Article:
A four-time All-America selection at Johns Hopkins University, Paul Rabil has earned a reputation as one of the most impressive field lacrosse players in recent history.
But in his first game with the San Jose Stealth in 2009, Rabil had just two assists in a 12-10 loss to Calgary. He finished the 2009 season with 34 points (16 goals, 18 assists) in 16 games.
“Last year at this point, my role was really undefined,” said Rabil, a Gaithersburg, Md., native. “We had a tough time figuring out my role as I was trying to figure out the game.”
The 6-3, 225-pound Rabil already has 13 assists this season, even with missing last Saturday’s 12-11 win at Colorado because of U.S. national team duties. He said his improvement fan be traced to two factors. One, his role as a distributor is more clear. And, two, he’s in better shape than he was a year ago. Rabil spent the offseason working with Jay Dyer, his old strength and conditioning coach in college, to improve his stamina.
“That’s played a huge role (in the improvement),” Rabil said. “As well as knowing when to expend and when to conserve your energy on the floor.”
A student of the game, Rabil said learning the spacing and timing of the indoor game were two of his biggest challenges as a rookie. But through careful examination of veteran players — and trying to emulate their play — he’s making quite an impact in his second season.
“I think that’s one of the most important parts of growing as a player and athlete,” Rabil said of picking up tendencies from players such as Buffalo’s Mark Steenhuis and Boston’s Dan Dawson. “I’m constantly watching the best players in the game. It’s something I’ve always done and continue to do as I grow as a player.”
It took sixth-year defender Eric Martin, a second-round pick in 2004, about three seasons to really feel comfortable playing indoor lacrosse.
After a decorated collegiate career at Salisbury University in Maryland where Martin — commonly referred to as “Meat” by his Stealth teammates — earned NCAA Division III National Player of the Year honors as a senior, the 6-2 defensive stalwart had to adjust to using a short stick and defending pick and rolls in the NLL.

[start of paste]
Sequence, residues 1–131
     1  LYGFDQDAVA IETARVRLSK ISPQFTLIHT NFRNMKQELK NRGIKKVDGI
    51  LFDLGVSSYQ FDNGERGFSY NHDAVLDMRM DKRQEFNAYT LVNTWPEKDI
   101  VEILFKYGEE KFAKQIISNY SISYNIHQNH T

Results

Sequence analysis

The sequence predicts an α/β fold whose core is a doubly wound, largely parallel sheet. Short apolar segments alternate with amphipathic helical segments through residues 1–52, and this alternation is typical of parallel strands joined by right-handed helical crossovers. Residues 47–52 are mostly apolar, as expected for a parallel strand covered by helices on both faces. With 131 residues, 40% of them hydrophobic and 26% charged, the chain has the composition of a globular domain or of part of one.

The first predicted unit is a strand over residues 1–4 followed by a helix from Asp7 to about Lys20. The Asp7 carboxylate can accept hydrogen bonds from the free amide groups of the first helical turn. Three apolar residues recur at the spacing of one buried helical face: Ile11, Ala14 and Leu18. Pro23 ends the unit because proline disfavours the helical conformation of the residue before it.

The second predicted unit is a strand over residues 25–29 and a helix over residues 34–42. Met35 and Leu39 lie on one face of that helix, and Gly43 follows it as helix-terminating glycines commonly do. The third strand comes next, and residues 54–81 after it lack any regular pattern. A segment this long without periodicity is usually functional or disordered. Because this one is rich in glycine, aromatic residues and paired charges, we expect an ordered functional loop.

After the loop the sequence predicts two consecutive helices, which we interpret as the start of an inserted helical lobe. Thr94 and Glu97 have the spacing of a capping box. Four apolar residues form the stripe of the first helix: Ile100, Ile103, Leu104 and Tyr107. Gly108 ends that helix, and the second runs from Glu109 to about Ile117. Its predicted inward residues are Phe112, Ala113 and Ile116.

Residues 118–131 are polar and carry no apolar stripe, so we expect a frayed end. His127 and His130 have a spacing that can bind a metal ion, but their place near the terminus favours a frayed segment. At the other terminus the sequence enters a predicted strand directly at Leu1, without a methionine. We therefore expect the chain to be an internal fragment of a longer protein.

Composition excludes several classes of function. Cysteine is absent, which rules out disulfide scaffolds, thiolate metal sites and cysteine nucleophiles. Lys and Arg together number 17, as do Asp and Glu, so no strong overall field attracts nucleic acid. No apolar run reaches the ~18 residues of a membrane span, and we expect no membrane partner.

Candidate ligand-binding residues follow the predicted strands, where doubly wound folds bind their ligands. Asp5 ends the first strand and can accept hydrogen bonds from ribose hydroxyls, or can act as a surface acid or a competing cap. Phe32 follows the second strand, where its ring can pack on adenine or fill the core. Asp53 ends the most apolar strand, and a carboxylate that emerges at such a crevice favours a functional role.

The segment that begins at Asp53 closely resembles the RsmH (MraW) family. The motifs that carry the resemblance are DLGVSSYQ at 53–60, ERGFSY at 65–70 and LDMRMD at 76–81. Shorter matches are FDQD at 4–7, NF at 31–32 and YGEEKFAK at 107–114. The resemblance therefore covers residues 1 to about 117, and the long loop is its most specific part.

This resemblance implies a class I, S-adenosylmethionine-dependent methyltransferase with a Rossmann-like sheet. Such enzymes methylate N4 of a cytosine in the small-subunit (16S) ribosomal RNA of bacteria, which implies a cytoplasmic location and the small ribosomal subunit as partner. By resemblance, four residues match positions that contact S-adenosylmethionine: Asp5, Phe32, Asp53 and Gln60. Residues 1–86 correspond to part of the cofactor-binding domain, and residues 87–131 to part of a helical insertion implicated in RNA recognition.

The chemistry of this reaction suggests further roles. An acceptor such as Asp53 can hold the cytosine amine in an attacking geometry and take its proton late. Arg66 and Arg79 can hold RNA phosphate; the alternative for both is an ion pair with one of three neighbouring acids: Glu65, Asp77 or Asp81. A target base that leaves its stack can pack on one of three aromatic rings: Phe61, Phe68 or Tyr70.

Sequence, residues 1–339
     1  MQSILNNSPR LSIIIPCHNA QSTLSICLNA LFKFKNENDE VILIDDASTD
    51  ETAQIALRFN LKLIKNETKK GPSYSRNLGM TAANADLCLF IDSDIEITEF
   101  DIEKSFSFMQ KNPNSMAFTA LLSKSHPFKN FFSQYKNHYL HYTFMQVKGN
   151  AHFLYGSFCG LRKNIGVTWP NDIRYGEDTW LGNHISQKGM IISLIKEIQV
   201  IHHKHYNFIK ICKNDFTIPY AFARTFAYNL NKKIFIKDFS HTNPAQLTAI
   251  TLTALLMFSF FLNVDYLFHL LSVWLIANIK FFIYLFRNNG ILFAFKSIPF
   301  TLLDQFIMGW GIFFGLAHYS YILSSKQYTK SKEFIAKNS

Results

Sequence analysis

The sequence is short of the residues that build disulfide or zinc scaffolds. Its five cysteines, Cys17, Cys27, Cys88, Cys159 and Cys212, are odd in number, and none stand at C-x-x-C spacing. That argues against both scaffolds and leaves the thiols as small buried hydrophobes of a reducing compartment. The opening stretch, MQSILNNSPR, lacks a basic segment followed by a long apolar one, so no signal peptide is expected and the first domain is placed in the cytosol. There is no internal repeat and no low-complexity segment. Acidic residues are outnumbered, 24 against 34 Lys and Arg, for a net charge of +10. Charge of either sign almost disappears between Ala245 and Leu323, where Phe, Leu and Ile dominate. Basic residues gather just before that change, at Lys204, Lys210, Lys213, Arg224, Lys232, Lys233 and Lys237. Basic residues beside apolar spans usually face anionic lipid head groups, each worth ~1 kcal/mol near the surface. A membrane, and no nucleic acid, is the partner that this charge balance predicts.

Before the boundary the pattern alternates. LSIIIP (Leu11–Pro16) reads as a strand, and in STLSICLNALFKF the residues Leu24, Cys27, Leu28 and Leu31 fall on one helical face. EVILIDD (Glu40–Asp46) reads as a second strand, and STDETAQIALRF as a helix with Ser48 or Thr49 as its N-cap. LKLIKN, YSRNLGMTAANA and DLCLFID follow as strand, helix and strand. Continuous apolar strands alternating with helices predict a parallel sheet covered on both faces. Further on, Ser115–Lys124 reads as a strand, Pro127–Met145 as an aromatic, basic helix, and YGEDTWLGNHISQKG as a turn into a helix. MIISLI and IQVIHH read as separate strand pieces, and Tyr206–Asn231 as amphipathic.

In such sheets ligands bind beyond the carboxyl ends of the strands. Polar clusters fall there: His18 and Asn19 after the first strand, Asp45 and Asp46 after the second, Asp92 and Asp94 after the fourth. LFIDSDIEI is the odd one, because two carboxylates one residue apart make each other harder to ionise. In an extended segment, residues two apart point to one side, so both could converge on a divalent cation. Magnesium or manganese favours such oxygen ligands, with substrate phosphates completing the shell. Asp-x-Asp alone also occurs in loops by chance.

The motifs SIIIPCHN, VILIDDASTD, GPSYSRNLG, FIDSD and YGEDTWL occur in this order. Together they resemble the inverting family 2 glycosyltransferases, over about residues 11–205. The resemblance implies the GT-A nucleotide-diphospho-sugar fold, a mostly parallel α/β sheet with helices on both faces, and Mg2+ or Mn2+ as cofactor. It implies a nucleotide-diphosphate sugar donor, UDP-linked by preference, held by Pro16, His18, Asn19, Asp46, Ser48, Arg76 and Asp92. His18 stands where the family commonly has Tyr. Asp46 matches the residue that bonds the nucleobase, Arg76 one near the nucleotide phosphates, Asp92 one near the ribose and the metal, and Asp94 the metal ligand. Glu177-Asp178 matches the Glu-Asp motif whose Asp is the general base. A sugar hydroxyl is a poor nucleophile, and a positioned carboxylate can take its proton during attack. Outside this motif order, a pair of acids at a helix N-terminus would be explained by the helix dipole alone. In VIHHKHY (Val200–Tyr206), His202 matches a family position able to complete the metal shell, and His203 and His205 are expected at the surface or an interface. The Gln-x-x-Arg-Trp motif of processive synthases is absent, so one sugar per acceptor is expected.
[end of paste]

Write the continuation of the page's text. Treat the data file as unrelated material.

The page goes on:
“I think a lot of guys struggle with the pick and roll,” Martin said of his fellow Americans. “A pick and roll-type play is really different to get, it takes a lot of reps, a lot of practice.”
Martin developed into a top defender in the league because of his hustle and tenacity. He grabbed a career-high 151 loose balls in 2008, 100 last season and is currently sixth in the league with 39 loose balls this season.
Martin’s leadership also has helped guide the NLL’s best penalty-kill unit, which has allowed just three goals in five games.
“You understand the game better,” Martin said of the experience that comes with time. “You are more familiar with the teams and player tendencies.”
Martin also benefited from a summer playing indoor lacrosse for the Victoria Shamrocks of the Canadian Western Lacrosse Association in 2006.
Like Rabil, Martin said a key to his development was learning from the players around him.
And, as evidenced by the starting spot he earned as a 2008 NLL all-star, Martin has put those lessons to good use.